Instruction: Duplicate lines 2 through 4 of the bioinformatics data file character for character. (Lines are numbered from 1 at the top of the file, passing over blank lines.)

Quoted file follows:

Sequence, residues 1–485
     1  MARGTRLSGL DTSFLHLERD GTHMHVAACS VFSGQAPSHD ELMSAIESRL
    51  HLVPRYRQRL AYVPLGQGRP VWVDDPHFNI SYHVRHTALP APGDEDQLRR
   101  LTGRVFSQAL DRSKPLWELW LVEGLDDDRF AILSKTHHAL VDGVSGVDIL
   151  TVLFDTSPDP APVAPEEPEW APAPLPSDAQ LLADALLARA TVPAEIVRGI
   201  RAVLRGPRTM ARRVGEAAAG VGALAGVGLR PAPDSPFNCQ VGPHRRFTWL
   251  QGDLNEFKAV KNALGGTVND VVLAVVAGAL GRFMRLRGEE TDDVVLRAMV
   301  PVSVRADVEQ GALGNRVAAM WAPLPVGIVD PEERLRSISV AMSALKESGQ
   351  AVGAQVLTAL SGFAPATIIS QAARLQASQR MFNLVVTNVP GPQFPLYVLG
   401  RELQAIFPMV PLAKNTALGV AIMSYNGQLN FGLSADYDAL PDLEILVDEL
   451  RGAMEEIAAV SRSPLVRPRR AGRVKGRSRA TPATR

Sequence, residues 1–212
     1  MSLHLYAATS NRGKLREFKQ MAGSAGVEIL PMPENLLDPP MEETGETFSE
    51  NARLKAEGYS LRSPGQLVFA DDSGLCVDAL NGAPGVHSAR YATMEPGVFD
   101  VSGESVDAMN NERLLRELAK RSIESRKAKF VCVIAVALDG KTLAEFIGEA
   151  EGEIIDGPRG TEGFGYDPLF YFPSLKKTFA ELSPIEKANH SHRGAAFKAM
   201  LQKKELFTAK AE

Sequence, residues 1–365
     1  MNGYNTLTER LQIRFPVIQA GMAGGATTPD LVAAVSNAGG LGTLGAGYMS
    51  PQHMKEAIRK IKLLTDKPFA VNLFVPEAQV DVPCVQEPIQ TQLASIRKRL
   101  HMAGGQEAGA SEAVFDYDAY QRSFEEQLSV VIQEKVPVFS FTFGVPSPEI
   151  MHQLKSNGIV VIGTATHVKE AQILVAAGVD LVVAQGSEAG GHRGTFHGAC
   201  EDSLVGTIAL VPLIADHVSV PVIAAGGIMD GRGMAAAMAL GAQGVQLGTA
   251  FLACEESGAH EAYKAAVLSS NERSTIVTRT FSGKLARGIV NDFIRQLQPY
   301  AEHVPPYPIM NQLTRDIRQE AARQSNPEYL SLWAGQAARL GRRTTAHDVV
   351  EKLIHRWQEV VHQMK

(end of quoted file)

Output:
     1  MARGTRLSGL DTSFLHLERD GTHMHVAACS VFSGQAPSHD ELMSAIESRL
    51  HLVPRYRQRL AYVPLGQGRP VWVDDPHFNI SYHVRHTALP APGDEDQLRR
   101  LTGRVFSQAL DRSKPLWELW LVEGLDDDRF AILSKTHHAL VDGVSGVDIL